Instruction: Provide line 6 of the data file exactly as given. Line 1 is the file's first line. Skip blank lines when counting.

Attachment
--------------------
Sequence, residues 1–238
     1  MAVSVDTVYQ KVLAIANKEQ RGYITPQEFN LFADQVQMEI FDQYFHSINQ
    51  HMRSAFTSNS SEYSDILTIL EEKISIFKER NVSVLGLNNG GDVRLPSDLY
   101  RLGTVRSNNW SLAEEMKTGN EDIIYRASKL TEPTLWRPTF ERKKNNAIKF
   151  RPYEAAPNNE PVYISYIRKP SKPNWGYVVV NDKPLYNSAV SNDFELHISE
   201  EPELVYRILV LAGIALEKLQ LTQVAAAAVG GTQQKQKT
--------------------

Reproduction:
   201  EPELVYRILV LAGIALEKLQ LTQVAAAAVG GTQQKQKT